On the other hand, suppose that someone aspires to be a writer. An average person with a day job and all the ordinary tasks of life to attend to. What consequence is there if they don’t get around to reading today? If they don’t write a single sentence this month? None. They can go on their entire lives going to work, coming home, cooking dinner, washing the dishes, zoning out on Candy Crush, going to bed, repeating the process.

There is more and more evidence that creativity is born of boredom. That we need time with zero obligations to cultivate our own ability to think and observe, rather than just absorb the internet and its cat memes.

The only way I can think of to mitigate the fallout of this inverse relationship between important and urgent tasks is the following:

  1. Figure out your most productive time of day
  2. Use at least an hour of that window every day for something important to you

This is how I passed my quals.

Now. If you have trouble even identifying things that are important, that’s a bigger issue. But still use that hour a day to be bored. Eventually it will point you in the right direction.

All my Amazon reviews, deleted

My reviews were all deleted yesterday. Here’s what that looks like on your profile:

When you try to review any product from your orders page you’ll see this:

The text reads:

Sorry, we are unable to accept your review of this product for either one or both of the following reasons: Your previous review of this product did not comply with our Customer Reviews Guidelines. Amazon does not permit reviews from customers whose relationship to the product or seller may be perceived as biased.

I had been reviewing items from Extreme Rebate. I thought this would be invisible to Amazon because the sellers on that platform do not give coupon codes or Amazon gift cards (reimbursements are done via Paypal), so there’s nothing on Amazon’s side that would link the buyer to the seller. I suspect my downfall was a combination of the following:

  1. Sparse review activity for years, then a deluge of long reviews, many with photos.
  2. New reviews mostly for obscure products with sellers from China.
  3. All reviews were positive, 4 or 5 stars.
  4. I did use Amazon gift cards sometimes (from other sources like portals).
  5. Once any new product has an unnaturally high rate of review (especially if it has predominately positive reviews), maybe Amazon deletes all those reviewer’s accounts.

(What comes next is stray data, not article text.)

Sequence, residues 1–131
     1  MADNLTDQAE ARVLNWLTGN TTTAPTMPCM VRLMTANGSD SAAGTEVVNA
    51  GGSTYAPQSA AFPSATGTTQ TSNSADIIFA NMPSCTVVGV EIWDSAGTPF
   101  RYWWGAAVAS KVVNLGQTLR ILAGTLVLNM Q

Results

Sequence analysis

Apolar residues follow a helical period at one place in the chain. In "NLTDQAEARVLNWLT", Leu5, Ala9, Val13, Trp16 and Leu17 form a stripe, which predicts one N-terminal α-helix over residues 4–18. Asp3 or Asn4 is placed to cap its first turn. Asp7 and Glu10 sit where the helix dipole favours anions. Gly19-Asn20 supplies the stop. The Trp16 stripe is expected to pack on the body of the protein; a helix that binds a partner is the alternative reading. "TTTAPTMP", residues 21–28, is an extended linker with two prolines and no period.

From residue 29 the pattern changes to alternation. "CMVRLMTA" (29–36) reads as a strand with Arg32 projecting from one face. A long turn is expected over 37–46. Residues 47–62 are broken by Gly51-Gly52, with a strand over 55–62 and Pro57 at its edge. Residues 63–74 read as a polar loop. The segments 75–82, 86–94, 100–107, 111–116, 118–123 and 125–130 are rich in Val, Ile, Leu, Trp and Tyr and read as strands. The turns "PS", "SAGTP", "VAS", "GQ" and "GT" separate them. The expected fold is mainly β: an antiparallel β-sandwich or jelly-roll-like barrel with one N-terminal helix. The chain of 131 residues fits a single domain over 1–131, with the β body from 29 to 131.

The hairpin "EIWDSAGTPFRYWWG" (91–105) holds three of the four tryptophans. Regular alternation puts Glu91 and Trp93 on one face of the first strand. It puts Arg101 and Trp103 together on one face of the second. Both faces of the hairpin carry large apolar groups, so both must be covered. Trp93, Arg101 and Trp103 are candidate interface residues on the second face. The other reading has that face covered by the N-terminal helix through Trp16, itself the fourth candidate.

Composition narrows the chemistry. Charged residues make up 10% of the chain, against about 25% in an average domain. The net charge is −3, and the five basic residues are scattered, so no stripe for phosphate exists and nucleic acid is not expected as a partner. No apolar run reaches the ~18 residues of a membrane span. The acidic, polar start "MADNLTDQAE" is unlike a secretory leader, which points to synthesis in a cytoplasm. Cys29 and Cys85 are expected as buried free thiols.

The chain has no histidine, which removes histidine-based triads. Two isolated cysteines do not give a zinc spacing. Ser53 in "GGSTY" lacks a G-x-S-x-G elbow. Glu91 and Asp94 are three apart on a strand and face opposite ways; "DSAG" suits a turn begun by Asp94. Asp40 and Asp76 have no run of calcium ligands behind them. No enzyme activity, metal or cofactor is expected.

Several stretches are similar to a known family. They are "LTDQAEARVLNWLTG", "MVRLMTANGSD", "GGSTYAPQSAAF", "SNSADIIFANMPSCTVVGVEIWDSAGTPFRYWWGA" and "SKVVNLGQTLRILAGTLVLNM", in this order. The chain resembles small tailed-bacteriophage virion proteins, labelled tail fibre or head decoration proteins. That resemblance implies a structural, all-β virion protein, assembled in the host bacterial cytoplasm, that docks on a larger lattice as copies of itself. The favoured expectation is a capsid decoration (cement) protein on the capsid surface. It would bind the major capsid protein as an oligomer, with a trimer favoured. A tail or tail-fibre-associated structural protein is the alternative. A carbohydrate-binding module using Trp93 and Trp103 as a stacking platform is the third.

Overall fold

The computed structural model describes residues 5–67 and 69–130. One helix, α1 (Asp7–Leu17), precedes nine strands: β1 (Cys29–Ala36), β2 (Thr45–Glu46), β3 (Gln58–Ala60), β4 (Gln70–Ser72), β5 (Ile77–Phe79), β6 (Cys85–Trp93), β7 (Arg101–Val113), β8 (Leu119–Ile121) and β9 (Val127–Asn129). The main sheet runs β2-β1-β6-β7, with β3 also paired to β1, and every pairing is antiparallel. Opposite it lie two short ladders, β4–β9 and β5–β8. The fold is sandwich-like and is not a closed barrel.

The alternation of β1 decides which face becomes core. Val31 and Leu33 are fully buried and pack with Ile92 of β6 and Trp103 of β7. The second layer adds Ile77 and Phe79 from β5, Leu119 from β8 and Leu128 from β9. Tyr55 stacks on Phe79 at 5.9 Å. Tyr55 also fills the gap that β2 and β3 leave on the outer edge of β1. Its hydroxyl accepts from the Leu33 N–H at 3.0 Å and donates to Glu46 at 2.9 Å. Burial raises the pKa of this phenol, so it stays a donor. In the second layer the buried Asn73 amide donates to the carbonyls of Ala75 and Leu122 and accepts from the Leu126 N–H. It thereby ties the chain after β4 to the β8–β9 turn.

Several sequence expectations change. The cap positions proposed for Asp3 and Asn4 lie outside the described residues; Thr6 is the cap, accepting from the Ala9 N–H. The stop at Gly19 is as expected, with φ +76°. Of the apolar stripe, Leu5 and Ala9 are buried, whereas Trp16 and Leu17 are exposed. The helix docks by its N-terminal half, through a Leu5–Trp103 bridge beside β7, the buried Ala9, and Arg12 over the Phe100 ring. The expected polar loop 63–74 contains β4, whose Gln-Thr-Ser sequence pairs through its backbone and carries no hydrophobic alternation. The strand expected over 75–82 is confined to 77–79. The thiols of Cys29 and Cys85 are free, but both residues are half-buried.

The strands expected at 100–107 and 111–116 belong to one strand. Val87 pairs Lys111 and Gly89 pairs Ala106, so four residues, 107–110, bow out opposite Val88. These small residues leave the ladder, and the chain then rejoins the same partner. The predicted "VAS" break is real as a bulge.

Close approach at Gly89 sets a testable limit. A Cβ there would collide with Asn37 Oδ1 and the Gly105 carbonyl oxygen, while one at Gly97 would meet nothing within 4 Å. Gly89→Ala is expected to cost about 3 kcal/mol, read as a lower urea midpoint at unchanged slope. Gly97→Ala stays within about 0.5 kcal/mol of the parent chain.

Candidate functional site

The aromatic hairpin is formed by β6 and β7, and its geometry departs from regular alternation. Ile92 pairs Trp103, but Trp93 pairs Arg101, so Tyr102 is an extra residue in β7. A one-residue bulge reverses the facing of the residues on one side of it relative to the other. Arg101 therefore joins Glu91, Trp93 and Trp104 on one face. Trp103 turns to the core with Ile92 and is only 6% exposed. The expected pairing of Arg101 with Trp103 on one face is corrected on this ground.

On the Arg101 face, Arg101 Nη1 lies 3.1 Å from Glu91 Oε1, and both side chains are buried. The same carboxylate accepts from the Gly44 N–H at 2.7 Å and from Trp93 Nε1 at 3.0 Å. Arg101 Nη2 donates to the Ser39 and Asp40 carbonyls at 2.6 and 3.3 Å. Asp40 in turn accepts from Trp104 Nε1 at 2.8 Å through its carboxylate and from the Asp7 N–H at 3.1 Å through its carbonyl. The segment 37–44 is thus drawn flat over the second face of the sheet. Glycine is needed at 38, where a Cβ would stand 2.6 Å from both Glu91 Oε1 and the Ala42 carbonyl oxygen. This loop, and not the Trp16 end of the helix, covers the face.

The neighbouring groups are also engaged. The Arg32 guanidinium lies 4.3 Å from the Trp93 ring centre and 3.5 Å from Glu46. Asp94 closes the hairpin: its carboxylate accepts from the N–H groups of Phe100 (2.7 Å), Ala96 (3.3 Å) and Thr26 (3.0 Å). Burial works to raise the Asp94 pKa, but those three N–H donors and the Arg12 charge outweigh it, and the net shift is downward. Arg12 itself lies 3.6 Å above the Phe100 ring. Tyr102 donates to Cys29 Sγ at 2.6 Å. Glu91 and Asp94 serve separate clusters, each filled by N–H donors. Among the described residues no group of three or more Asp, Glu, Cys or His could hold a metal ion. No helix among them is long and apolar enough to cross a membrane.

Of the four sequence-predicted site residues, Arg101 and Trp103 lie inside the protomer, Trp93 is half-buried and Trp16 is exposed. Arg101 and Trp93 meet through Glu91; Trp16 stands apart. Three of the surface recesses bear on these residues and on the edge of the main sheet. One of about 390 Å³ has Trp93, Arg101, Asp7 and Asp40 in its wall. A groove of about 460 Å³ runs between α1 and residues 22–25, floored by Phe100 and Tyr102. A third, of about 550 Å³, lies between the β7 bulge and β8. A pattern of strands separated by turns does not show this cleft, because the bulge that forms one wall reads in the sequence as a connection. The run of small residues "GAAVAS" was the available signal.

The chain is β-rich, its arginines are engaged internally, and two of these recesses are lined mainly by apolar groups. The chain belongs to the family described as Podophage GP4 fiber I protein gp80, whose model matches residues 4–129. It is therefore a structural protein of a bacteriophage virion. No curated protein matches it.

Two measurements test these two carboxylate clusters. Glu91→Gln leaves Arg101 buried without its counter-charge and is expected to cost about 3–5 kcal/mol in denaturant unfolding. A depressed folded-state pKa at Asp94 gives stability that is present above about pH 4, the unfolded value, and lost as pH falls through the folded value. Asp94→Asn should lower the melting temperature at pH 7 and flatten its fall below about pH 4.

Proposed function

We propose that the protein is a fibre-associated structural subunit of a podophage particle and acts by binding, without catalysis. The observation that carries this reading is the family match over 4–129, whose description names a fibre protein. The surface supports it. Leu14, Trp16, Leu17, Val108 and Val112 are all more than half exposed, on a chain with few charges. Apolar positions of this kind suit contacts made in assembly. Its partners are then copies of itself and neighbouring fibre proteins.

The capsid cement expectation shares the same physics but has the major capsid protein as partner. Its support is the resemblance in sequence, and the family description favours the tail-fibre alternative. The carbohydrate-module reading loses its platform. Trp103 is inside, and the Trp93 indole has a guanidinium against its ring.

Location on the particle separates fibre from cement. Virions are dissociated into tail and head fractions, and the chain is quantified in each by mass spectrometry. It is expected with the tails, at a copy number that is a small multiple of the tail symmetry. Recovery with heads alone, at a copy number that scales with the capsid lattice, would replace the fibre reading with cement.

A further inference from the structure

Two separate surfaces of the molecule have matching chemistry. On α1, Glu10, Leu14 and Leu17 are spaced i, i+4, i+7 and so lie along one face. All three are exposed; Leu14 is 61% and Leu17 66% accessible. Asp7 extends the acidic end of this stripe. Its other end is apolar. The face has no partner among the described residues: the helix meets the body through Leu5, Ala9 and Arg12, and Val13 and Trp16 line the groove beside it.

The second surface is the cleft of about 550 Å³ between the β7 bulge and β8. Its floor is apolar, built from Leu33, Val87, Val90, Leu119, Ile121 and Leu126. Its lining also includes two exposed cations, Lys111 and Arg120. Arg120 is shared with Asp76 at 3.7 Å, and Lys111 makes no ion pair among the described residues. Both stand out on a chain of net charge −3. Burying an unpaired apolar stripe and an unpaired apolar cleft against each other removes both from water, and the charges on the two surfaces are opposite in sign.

After a cursory search I’ve concluded that once Amazon decides I’m done with reviewing, it’s hopeless to try to convince them otherwise. My small apartment was becoming rather full of things of questionable utility anyway. This hoarder always knew the gravy train would end, so now I’m passing the baton. With the warning that your reviews will probably be wiped one day for doing this. But maybe it’s worthwhile to you anyway. Good luck!

p.s. — note the category… “how to get your Amazon reviews deleted”? Hah!

How to escape Bali

Or, my time as a refugee from the volcanic eruptions of Mount Agung. If you’re visiting Bali and the local volcano gets agitated, spews ash, closes Denpasar (DPS) airport, then here’s what you should do:

Decide whether to stay put or run for Surabaya (SUB)

If you have more time (5-6 days) to wait for DPS to re-open, then you’ll have a better time just staying put. Past results are no indication of future performance, but the airport usually isn’t closed for more than 5 days. However, it doesn’t mean you can just relax. If you don’t want to be caught in the backlog of stranded travelers, do call your airline daily to ensure that you are issued a boarding pass for the next flight (in case of airport re-opening) every time your current flight gets canceled. The airline doesn’t necessarily do this automatically. If you decide to run for Surabaya, do so immediately after DPS is closed.

Hire a mini-bus to SUB

It’s more comfortable and usually cheaper to hire your own mini-bus to get to SUB, if you can find about 6 people to join you and split the cost. That will be 250,000-300,000 IDR per person, whereas the government subsidized mega buses are 300,000 IDR, slower and more cramped. The Indonesian government usually sends mega tour buses to DPS domestic terminal to evacuate stranded travelers to SUB. Don’t ask airport employees about it: they might not know anything. Check google, or just go to the domestic terminal and see if they’re available yet. For a mini-bus, talk to your hotel concierge or the manager of your villa to arrange transport. If you don’t do this right away, you’ll be stuck with the less comfortable big bus option because all the private vans will be booked.

Buy your plane ticket as soon as transport to SUB is booked

I made the mistake of fantasizing that I could talk to AirAsia upon arriving at SUB, and they would magically change everything for me and not charge change fees. Give up this fantasy. The line will take you 5 hours, and you’ll probably find that the best option is to take a refund and book your own tickets on a different airline anyway. So go ahead and do that when you’re sure you have a way to get to SUB. The drive takes 12 hours, but give yourself 16 just to be safe — then book your tickets out of SUB. I guarantee you things will sell out and only be more expensive the longer you wait. Request a refund for your original flights later. Get yourself out of Indonesia first.

In this situation, he who hesitates is lost. Though we fled for Surabaya, we waited one day in hopes that DPS would re-open and it didn’t. During that time, all flights out of Surabaya for the next 3 days were booked full. In the end, we were stuck in Surabaya for a few days rather than being stuck in Bali. Trust me, you will have more fun being stuck in Bali. Surabaya has a giant mosque and a giant mall. If you aren’t Muslim, you’re not allowed in the mosque. So that leaves…

How to make the best of the friendzone